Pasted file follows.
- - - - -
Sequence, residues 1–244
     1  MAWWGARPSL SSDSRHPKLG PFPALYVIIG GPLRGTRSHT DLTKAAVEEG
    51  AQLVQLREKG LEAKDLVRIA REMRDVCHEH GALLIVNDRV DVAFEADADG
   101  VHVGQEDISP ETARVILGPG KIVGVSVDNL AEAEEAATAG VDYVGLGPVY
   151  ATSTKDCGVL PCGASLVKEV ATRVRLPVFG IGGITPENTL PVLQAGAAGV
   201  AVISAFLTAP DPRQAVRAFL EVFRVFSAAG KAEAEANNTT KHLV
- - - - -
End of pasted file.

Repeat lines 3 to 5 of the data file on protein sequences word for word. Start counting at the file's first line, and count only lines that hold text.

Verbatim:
    51  AQLVQLREKG LEAKDLVRIA REMRDVCHEH GALLIVNDRV DVAFEADADG
   101  VHVGQEDISP ETARVILGPG KIVGVSVDNL AEAEEAATAG VDYVGLGPVY
   151  ATSTKDCGVL PCGASLVKEV ATRVRLPVFG IGGITPENTL PVLQAGAAGV